Eliminating Twin Lamb at Carwood
In Scottish sheep circles, think of the
name Wight and the next word to spring
to mind is Blackface. This family has been
breeding Blackies for many generations
and Colin Wight uses Scotch Mule ewes
as the foundation for his own flock of
1000 cross ewes at Carwood Farm, Biggar.
Carwood was purchased by the family
business John Wight & sons in 1986, just
before Colin and his wife Fiona got
married. They have gradually turned the
farm from predominantly grain growing to
a well respected and productive livestock
unit with help from a fulltime tractorman
and stockman. Their three daughters
Susan, Alison and Lyndsay all take time
out from their respective university
studies and work to give a much
welcomed hand at lambing time.
The ground, all of which is ploughable,
ranges from 750 feet above sea level to
just over 1000 feet at the top of the hill.
Most of it is set to grazing with around
100 acres of winter wheat and spring
barley grown. Barley from the last two
harvests has been treated with
Maxammon and used as part of the
feeding regime for cattle. 20 acres of
turnips and fodder kale/rape are grown to
finish lambs later in the season.
Cross ewes
His flock of 1000 cross ewes start off
with a Scotch Mule ewe and are crossed
with a Texel. Some have been further
crossed with the Suffolk and Colin says “I
find that these are the best ewes, having
better feet and being less prone to
These ewes are put back to homebred Suffolk or Texel tups. All progeny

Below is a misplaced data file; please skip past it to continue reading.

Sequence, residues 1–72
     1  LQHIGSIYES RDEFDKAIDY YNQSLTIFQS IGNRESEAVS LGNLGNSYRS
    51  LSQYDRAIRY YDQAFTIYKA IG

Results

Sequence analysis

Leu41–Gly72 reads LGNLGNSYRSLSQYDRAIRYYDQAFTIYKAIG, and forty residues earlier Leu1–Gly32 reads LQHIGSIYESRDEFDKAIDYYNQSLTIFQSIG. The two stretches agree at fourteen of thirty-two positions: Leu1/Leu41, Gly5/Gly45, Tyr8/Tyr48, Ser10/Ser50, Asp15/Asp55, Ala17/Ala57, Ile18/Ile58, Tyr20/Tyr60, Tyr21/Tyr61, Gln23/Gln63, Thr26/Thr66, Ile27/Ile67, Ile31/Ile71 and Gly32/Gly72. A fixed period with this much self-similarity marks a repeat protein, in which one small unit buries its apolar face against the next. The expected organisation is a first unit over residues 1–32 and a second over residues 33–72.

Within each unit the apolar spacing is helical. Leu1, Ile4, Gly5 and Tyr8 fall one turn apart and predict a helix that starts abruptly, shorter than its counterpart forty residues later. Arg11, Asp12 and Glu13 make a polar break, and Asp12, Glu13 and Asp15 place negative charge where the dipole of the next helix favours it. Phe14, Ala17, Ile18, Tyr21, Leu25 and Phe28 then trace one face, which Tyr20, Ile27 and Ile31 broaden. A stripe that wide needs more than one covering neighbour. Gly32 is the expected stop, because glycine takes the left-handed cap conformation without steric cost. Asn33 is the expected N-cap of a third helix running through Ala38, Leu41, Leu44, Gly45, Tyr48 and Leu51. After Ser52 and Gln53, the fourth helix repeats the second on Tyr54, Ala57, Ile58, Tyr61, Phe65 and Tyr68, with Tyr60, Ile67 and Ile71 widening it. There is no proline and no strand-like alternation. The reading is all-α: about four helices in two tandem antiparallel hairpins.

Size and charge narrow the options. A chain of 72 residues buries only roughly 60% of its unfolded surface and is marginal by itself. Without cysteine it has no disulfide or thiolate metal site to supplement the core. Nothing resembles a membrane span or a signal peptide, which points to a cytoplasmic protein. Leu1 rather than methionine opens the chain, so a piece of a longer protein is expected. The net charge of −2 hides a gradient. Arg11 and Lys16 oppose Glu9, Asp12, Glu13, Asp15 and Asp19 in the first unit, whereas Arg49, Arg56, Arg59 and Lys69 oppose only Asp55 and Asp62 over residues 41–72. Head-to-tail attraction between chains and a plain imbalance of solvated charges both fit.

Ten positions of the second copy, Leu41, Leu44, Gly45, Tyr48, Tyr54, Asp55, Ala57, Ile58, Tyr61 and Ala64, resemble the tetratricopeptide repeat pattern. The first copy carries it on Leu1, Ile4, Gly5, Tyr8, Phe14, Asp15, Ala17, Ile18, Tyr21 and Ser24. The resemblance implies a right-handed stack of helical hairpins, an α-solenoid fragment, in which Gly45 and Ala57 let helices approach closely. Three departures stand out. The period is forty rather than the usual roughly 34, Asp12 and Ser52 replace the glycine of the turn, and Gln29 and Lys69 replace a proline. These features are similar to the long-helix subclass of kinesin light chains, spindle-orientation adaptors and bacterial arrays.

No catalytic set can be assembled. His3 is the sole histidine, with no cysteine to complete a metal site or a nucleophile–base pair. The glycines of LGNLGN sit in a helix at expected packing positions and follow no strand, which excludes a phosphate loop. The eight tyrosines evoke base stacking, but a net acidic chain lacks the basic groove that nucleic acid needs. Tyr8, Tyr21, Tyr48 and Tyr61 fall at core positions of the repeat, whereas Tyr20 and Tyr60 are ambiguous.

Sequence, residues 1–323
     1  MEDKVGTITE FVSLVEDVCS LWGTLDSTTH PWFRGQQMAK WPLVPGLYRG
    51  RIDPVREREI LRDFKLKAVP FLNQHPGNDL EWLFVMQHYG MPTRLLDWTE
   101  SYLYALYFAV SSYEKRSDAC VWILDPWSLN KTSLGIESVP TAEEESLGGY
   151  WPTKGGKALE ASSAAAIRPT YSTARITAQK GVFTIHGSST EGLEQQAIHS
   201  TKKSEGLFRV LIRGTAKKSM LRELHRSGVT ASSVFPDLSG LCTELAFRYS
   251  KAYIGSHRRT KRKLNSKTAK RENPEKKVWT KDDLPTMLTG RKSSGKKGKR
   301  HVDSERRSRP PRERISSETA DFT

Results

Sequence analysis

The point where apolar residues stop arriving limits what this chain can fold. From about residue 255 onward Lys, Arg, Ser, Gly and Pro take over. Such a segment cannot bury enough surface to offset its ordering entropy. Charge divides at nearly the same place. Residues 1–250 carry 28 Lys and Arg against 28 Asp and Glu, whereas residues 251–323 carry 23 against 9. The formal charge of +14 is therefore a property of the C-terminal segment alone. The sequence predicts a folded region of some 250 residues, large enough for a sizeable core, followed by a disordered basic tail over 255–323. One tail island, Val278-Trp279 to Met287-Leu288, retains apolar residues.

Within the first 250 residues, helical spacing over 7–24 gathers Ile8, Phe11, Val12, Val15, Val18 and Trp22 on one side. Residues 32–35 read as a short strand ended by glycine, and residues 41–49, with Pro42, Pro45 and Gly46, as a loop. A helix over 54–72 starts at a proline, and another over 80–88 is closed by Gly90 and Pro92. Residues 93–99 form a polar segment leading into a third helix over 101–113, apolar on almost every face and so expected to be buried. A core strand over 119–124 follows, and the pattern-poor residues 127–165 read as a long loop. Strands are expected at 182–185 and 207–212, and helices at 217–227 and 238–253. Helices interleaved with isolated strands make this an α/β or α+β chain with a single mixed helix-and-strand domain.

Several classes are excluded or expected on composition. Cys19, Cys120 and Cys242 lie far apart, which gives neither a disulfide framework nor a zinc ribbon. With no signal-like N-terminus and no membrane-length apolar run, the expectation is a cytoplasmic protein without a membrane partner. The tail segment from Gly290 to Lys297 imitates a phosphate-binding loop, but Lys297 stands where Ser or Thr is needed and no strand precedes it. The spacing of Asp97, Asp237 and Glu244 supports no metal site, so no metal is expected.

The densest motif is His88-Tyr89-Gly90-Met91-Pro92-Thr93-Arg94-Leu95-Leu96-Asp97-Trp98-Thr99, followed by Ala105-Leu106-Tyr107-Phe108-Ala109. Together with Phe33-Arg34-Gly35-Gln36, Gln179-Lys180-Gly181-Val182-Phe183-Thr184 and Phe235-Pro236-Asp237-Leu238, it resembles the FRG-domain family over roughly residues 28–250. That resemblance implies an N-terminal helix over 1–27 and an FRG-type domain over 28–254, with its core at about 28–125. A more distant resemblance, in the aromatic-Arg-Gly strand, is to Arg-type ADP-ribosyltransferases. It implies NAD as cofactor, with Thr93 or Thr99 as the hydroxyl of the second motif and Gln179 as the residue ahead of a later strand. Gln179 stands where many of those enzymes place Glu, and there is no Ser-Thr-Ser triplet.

are finished on the farm heading for
Lanark market or an increasing
proportion to Woodhead Brothers in
Turriff where they are getting a better
price for the lambs deadweight.
Replacement Mules are sourced from
Colin is aiming for twins from each ewe
so they are not flushed. Ewes move from
the higher ground onto slightly better
grass before the tup goes in.
Lambs and ewes enjoying the grazing at Carwood Farm, Biggar
receive a supplementary feed lick and if
they are likely to foster, they get a small
amount of concentrate one to two weeks
before lambing.
Again, depending on conditions, ewes
will be fed concentrates for four weeks
after lambing. “Doing this keeps the milk
on the ewes and gives the lambs a good
start,” says Colin.” If they get a poor start,
its difficult for them to catch up.” he
Ewes carrying twins lamb outside and
triplet/single bearing ewes lamb inside,
with extra lambs fostered onto singles
where possible.
Twin Lamb has been a
problem in the past at
Carwood and despite
Blackface specialist,
Colin Wright
After scanning in January, ewes are
split and fed accordingly, with twins/
triplets getting a bit of haylage if the
weather is hard. They receive an 18%
ewe roll fed on the ground from